Marvin Liao, former Head of Yahoo! And President of Investment approval Committee at Fund for investment and technical development in an exclusive interview for

I’m convinced that Macedonia will have successful startups!

Moneys are important, but you also need to know how to use it. Marvin Liao speaks wisely, but he is not just an empty speaker. For more than a decade he was CEO of Yahoo! A former partner of 500 Startups, he has almost two decades of experience in venture capital, technology businesses and startups. He has recently been the Chairman of the Investment Approval Committee of the Fund for Innovation and Technological Development. The Committee has five members and they will review and approve all project proposals for all instruments to support the Fund. In an exclusive interview with Factor, Liao talks about the challenges of startups in Macedonian circumstances, but also about his expectations from domestic companies.

Lieo: While I have spent alot of time in the surrounding region & tech ecosystems of CEE, Macedonia is relatively new to me. But I do know of the strong educational system, the fact that there is good technical talent and world class companies like Slice have extensive operations in the country. I'm personally quite bullish on the role small countries will have in the future when I see places like Estonia, Latvia, Bulgaria, Slovenia, Singapore which are punching above their weight & believe Macedonia has the opportunity to do the same which is why I was so excited and interested in becoming involved.

How important is financial support for the work of a startup and how should it be used?

Lieo: Financial support is really important but I think its one piece of the puzzle. I think regulatory environment, actual real business mentorship and access to expertise & examples to look up to are all equally important. Don't get me wrong, money is important but you also have to know how to use it properly.


You mentioned that Macedonia can be positioned as an international Innovation Hub - on what do you base this claim?

Lieo: I make this claim easily based on all the things I'm seeing in different markets around the world like in Baltic region, Singapore, Bulgaria and Slovenia which are physically close to Macedonia. Israel is another example. Anywhere where there are smart, hardworking & eager people with technical skills this is totally possible. Its a just a matter of time and effort.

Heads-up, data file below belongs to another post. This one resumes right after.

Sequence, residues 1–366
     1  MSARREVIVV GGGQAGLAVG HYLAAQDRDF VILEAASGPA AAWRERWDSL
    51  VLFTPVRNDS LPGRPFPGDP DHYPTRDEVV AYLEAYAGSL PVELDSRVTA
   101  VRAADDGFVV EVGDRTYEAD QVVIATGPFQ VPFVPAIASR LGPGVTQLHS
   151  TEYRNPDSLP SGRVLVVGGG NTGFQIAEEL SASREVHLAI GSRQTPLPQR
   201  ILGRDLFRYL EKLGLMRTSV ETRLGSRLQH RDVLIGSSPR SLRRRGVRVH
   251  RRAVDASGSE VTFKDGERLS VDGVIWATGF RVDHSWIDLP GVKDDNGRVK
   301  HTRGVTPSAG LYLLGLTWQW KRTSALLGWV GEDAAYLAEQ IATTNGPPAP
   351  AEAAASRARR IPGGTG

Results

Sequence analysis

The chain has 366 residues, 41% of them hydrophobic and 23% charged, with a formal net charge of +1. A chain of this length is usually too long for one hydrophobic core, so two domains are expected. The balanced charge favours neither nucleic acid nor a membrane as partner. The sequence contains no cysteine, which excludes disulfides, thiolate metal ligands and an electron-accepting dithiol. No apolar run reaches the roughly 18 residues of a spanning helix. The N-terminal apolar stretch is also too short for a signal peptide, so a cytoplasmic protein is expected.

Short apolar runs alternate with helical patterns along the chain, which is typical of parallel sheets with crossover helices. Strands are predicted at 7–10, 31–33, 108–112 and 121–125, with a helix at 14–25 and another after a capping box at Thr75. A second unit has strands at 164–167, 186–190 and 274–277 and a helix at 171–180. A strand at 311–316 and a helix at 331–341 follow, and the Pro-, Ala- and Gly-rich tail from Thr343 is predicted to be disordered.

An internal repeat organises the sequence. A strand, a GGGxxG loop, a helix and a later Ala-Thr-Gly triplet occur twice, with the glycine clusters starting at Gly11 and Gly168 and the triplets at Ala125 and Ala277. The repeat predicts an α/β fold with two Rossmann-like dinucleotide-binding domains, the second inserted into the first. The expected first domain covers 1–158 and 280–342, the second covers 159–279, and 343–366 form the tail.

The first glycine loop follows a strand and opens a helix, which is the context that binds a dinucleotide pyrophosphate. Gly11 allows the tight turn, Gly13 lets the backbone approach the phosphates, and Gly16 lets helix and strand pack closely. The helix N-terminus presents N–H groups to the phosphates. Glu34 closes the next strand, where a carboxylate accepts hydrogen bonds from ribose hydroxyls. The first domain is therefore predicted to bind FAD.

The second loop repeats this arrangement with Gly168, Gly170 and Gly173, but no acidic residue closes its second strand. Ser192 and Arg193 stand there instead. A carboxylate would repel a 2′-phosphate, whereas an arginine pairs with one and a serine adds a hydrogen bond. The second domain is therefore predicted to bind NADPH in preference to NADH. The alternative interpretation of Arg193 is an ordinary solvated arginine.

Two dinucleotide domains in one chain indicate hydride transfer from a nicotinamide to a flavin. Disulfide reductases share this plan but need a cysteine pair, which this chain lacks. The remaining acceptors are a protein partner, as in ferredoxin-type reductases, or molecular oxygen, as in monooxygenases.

You have significant experience and unenviable level of knowledge when it comes to startups, you are a partner in several hundred, and for years, almost two decades, you have been involved in the field of technology businesses and startups. Undoubtedly a great background - what is your advice, what ideas would suit for this part of Europe, what is the best to focus on, the most?

Lieo: It's hard to give direct and exact advice here as its very situation and context dependent. Startups tend to be more bottoms up exercise. But what I will say is that I truly believe that amazing startup founders especially when it comes to software can come from anywhere to build global businesses from the start. Something I've been lucky enough to see and experience hundreds of times, enough to see that it a trend.

You have had direct and indirect contact with many startups. You have had direct and indirect contact with many startups. Do you have any feelings, something to know right from the start that a certain idea will be guaranteed to be successful?

Lieo: I wish I did. It's extremely hard to know whether a startup will be successful or not. Any investor who tells you they knew from the beginning is lying.

What are the mistakes that startups make most often? On the other hand what quality should be possessed and what decisions should be made to ensure that the startup will succeed?

Lieo: I think the biggest mistakes are focusing on product over distribution ie. sales/marketing. I also think another big mistake, not focusing enough time understanding and learning about their potential customers and developing deep insights on them before they build the product. If they do focus on distribution and time with customers, it does not guarantee success but it does give them better odds for success.

You have worked in Silicon Valley for a long time, mostly in the powerful „Yahoo!How and why did you decide to move into the startup industry? What is the difference from this aspect?

Lieo: My move into the startup investing industry was very accidental, a very happy accident. I had decided to take some time off from big tech to rest. But got bored and started mentoring & volunteering at dozens of startup accelerators to keep myself busy. Thats how I fell into Venture Capital. The biggest difference was the even faster paced environment, the exciting ideas and passion and enthusiasm of the startup industry was incredibly attractive to me due to the fact it was so different from what I had done before. I had worked at a startup prior to Yahoo! for a few years and it was nice to return to this space but in a different role of investing.